Mosquito-Borne Diseases

Mosquitoes are vectors for diseases, which means they can transmit diseases from one human or animal to another. The mosquito population is hard to control, and they often develop resistance to insecticides, making the containment and elimination of mosquito-borne diseases difficult. According to the American Mosquito Control Association, more than one million people worldwide die from mosquito-borne diseases every year.

The increase of global travel has brought diseases once uncommon or unheard of in the United States to our shores. Outbreaks of mosquito-borne illnesses such as the Zika Virus, Chikungunya, Dengue Fever and West Nile Virus have become more commonplace in recent years.

Check here often for the latest information and resources on mosquito-borne illnesses in Alabama.

Additional Information:

Mosquito Traps

The Alabama Department of Public Health (ADPH) is monitoring mosquitoes and mosquito-borne diseases throughout the state. Two types of adult mosquito traps are placed in various locations overnight. Both operate on portable batteries and use carbon dioxide or special chemical lure in a tube to enhance collections. The CDC trap is made of a plastic cylinder with a fan and a light that hangs under a plastic pan from a tree limb or other structure. The sentinel trap is a collapsible vinyl barrel with a plastic lid and fan which sits on the ground. For mosquito egg surveillance, six-inch black plastic cups with a drain hole in the side and lined with a special paper are set for about a week. See photos of the types of mosquito traps in use below.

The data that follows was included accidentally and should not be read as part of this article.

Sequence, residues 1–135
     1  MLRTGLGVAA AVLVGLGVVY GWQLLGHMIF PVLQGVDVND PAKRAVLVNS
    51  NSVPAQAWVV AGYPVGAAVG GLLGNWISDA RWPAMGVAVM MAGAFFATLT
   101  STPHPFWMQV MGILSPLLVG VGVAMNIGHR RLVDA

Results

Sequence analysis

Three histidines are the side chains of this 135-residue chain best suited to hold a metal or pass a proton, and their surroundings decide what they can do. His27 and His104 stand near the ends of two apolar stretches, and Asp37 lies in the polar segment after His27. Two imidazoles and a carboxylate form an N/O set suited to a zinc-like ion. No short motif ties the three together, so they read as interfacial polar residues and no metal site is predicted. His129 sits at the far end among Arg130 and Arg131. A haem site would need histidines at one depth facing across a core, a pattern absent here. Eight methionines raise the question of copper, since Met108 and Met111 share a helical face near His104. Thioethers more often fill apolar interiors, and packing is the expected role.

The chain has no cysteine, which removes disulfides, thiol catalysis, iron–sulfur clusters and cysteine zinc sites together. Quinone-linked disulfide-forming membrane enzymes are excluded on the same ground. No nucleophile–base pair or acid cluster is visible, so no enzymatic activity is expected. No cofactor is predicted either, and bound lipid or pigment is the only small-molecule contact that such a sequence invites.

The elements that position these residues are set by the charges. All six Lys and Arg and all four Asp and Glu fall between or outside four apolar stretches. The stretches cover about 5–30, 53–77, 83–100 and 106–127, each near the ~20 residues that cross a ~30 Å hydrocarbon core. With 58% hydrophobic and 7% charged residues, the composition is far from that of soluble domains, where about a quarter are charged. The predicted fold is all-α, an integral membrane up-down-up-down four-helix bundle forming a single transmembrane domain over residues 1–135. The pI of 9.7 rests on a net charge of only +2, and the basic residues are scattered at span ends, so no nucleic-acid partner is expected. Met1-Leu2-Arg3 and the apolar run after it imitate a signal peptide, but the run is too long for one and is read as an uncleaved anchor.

What's New?

For an overview on Zika Virus, statistics, and resources, visit Zika Virus.

 

Cases Reported Year-To-Date*

Total of Cases by Year Reported 

Mosquito-Borne Disease

 

2018

 

2017

2017

2016

2015

2014

2013

California serogroup viruses (California encephalitis, Jamestown Canyon, Keystone, La Crosse, Snowshoe hare, Trivittatus viruses)

0

0

0

0^

0^

0^

2

Chikungunya

0

0

1

1^

1^

19^

0

Dengue

0

0

0

5

3^

3

5

Eastern equine encephalitis

0

0

0

0^

0^

1^

0

Malaria

5

5

8

10

11

14^

2

St. Louis encephalitis

0

0

1

0^

0^

1^

1

West Nile Virus

4

4

59

18^

9^

2^

9

Yellow Fever

0

0

0

0

0

0

0

Zika

3

3

4

41^

0^

0^

0

Total

12 12

73

75

24

40

18

Note: Counts include finalized investigations among Alabama residents as of August 9, 2018

*As of MMWR Week 31 (week ending August 3, 2018)

^The case definition was updated this year for this condition. 





Page last updated: August 9, 2018